Jobs Crisis: Moving Forward?

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From the Summer Issue "Unchaining Labor"

By Raymond Torres

GENEVA—Europe has entered an employment crisis of alarming proportions and with unpredictable social and political consequences. The figures speak for themselves. Over 27 million Europeans are unemployed—8 million more than when the global financial crisis erupted in September 2008. While the employment free fall paused during 2010-2011, it has gathered momentum ever since. Over the past six months alone, unemployment has grown by 2.5 million people. Though the trends are worse in southern European countries and parts of Eastern Europe, unemployment has resumed its upward trend even in hitherto successful European countries.

This is not a temporary deterioration that could be reversed once growth is back. The rise in unemployment masks a long-lasting effect of the crisis on the economy and society. First and foremost, in most European countries, youth—the foundations of future prosperity—are facing their worst prospects since World War II. Disproportionately affected by unemployment, nearly 30 percent of those aged 16 to 24 are at risk of poverty. Unless action is taken, the situation of youth will become unsustainable, threatening social cohesion across Europe.

The damage from this jobs crisis will be difficult and expensive to remedy. Nearly half the unemployed have been without work for more than a year. Many have become discouraged and stopped looking for jobs. Many of those who exit the labor market will be unable to participate in any future recovery, weakening the strength of the recovery itself.

The crisis has left a profound wound on the employment relationship. A sense of uncertainty and even fear among employers and workers has spread, weakening the ability of enterprises to create stable jobs. Indeed, in some low-unemployment countries, a large low-pay sector has built up. Many otherwise skilled workers are trapped in such occupations—a huge waste of productive capacity.

With wage moderation and in some countries wage cuts, cash is mounting in the accounts of many firms, contributing to the unprecedented rise in share values. Stock markets are returning to their pre-crisis levels, prompting optimism among some analysts. And yet productive investment and employment remain subdued.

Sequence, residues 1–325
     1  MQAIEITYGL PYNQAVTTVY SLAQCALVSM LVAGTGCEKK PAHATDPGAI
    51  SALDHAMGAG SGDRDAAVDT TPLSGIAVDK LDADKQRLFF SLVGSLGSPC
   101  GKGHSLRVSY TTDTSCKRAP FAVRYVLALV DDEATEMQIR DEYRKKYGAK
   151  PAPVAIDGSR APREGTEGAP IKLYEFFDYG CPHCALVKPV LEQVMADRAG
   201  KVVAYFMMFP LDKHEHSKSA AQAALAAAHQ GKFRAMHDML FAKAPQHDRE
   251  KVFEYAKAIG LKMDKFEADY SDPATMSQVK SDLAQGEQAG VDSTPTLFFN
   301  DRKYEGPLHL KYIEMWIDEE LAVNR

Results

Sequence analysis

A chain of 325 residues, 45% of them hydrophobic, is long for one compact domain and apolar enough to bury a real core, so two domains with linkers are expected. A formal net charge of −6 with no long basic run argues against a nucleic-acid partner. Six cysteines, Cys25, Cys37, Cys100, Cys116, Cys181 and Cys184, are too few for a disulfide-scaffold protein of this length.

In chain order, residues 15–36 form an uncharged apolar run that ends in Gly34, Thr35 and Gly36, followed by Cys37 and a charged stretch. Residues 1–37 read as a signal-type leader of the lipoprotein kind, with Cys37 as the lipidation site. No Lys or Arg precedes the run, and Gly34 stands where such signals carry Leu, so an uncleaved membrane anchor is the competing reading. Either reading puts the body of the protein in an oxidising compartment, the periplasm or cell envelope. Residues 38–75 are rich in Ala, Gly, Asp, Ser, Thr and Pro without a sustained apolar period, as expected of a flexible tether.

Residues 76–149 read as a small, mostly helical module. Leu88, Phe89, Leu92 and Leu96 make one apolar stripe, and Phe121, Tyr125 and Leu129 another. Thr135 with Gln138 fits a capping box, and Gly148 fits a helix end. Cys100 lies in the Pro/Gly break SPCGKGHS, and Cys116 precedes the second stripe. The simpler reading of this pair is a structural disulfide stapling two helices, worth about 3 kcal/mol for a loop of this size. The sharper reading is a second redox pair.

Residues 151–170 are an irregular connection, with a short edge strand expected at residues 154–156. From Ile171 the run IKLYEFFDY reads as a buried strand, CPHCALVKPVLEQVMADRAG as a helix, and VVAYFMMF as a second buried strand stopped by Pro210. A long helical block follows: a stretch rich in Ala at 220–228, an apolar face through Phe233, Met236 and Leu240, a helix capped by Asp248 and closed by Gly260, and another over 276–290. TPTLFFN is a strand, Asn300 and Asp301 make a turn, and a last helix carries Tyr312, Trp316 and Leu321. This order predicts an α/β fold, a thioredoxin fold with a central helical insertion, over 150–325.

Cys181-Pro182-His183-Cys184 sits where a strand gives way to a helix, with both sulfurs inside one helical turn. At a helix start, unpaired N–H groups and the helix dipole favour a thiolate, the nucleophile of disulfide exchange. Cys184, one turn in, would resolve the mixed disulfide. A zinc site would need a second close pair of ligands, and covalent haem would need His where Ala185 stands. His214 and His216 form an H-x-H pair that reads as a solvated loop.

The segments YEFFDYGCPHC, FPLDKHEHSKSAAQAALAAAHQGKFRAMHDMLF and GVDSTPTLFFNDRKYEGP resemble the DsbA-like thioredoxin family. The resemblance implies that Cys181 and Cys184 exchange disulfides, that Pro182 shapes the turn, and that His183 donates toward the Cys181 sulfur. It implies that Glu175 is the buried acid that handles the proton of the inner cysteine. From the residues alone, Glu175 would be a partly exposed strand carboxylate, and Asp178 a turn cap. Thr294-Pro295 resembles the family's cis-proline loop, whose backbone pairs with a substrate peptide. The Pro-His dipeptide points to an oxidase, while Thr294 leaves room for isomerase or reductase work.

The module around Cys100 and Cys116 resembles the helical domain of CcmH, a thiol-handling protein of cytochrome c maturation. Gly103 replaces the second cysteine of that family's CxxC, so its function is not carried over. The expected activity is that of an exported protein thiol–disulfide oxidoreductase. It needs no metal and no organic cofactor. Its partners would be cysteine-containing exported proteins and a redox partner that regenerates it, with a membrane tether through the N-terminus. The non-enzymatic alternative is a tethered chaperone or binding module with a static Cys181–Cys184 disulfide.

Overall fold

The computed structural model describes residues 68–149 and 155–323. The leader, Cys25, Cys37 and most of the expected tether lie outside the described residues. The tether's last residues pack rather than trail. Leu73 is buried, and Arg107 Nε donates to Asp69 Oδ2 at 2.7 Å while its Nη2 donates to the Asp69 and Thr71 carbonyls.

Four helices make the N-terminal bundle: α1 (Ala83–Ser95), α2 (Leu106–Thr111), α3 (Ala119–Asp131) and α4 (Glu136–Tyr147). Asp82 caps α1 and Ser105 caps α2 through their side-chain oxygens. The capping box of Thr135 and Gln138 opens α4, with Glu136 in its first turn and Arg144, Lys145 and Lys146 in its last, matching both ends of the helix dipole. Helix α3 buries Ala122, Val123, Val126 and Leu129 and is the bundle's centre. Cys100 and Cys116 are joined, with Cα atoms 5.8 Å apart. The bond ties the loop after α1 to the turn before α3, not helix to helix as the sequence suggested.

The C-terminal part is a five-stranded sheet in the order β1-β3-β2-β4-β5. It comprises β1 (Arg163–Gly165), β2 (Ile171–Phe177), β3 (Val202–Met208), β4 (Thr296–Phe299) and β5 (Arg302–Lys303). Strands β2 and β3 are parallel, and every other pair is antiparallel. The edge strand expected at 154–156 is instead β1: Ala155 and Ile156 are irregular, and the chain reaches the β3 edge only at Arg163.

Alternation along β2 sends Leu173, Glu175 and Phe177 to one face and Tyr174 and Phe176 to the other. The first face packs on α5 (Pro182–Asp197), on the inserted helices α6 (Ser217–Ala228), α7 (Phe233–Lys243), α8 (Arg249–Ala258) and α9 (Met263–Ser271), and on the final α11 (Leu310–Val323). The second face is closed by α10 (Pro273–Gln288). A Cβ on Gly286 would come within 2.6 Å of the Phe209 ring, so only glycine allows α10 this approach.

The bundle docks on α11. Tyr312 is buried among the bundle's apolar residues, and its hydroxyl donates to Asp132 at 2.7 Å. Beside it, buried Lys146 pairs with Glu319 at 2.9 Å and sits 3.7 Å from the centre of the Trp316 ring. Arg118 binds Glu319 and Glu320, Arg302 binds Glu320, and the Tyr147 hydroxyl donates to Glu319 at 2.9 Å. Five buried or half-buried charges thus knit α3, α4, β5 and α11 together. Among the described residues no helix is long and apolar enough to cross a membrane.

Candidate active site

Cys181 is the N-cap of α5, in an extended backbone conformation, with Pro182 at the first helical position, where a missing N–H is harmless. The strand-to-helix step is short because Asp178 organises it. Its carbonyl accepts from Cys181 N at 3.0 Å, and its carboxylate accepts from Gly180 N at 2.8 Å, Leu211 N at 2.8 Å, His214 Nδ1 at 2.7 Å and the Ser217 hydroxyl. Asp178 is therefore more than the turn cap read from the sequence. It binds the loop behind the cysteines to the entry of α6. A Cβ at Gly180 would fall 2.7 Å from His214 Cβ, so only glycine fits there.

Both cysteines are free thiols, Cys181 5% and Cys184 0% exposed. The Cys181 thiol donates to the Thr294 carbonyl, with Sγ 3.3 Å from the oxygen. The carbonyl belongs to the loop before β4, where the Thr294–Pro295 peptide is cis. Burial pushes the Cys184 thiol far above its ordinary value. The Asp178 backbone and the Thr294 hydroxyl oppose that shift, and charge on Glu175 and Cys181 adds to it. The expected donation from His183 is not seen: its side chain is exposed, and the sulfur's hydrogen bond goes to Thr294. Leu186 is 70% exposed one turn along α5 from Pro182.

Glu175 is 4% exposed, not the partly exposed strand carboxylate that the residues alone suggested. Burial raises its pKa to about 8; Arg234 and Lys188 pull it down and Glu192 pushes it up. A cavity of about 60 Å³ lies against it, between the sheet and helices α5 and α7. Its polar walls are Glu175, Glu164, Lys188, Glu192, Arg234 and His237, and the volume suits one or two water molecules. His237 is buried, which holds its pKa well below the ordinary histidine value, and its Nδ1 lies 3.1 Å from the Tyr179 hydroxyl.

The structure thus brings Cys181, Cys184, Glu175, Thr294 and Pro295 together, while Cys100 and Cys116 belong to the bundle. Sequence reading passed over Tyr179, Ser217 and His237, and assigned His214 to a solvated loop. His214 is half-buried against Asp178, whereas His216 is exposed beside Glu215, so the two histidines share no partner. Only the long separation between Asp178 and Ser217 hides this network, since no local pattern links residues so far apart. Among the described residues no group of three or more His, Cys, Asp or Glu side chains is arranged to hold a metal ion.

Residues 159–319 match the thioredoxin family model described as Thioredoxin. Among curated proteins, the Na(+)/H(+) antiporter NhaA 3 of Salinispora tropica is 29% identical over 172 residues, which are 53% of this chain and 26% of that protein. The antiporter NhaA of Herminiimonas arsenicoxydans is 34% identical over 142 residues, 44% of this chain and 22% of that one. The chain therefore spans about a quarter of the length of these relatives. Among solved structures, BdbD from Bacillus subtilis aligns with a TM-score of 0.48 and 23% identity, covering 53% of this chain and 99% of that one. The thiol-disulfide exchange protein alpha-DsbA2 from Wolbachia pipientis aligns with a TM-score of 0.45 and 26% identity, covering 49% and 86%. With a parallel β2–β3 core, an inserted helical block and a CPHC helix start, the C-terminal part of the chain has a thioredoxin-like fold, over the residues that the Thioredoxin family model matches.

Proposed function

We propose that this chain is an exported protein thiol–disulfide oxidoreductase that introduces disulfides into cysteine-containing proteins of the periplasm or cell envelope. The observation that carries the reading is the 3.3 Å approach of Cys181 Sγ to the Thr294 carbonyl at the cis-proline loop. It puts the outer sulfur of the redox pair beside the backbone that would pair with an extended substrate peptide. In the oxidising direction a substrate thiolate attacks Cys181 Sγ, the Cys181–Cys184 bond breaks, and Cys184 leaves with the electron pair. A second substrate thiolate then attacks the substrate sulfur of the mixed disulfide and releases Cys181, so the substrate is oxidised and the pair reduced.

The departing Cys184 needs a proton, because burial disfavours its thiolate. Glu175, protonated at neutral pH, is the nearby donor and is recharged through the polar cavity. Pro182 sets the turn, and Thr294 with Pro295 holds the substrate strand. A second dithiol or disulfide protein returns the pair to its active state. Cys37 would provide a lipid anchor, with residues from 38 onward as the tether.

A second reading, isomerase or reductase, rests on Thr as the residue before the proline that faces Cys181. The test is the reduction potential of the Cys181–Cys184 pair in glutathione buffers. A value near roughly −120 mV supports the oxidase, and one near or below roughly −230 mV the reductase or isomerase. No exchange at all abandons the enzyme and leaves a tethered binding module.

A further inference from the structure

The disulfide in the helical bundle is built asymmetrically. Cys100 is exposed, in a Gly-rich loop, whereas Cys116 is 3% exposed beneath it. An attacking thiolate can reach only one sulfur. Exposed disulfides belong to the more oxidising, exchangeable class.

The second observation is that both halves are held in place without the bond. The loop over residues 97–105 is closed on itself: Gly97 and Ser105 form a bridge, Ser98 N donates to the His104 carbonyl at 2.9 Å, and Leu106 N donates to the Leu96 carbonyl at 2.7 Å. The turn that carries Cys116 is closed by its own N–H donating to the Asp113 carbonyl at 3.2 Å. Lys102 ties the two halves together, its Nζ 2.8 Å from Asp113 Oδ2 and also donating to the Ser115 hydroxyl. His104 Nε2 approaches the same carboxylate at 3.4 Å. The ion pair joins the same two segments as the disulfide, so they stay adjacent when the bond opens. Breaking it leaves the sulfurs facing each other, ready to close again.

This crisis has deeply destabilizing effects on European societies. Past recessions mainly weighed on low-income groups like single-parent families, the unskilled, and vulnerable workers, but in this crisis, middle-income groups have been affected in an unprecedented manner. Small entrepreneurs, middle-income families with children, skilled workers, and well-educated youth are anxious about their prospects. Employment in low-wage occupations grew more than 4 percent between 2010 and 2012 in the EU, while employment in middle-wage occupations fell more than 6 percent. At the same time, top incomes show little signs of shrinking. A sense of unfairness is spreading. 

These trends have seriously undermined confidence in the ability of national governments and European institutions to respond to people’s deepest fears. The inevitable outcome is more polarized societies, greater political fragmentation, and daunting problems for establishing a stable coalition for change.   

In short, the worsening employment and social prospects combined with decreasing confidence in the ability of political systems to tackle the crisis represent a time bomb. The risk of social unrest is on the rise, and ignoring it on the grounds that financial markets have recovered would probably be an epic mistake for Europe.

In fall of 2011, the European Commission’s Directorate-General for Financial and Economic Affairs projected that the EU economy would grow by 0.6 percent in 2012 and by a healthy 1.5 percent in 2013. In reality, the European economy contracted by nearly half a percentage point in 2012 and the latest Commission’s projections are for a stagnation in 2013—a mere 0.1 percent rate of economic growth is projected for this year. A number of EU nations are in negative territory, as they plunge into a double-dip recession. Likewise, in fall 2011 projections, unemployment was expected to stabilize at less than 10 percent in 2012 before falling to 9.5 percent in 2013. In fact, unemployment increased by almost one full percentage point in 2012 and is now expected to exceed 11 percent this year.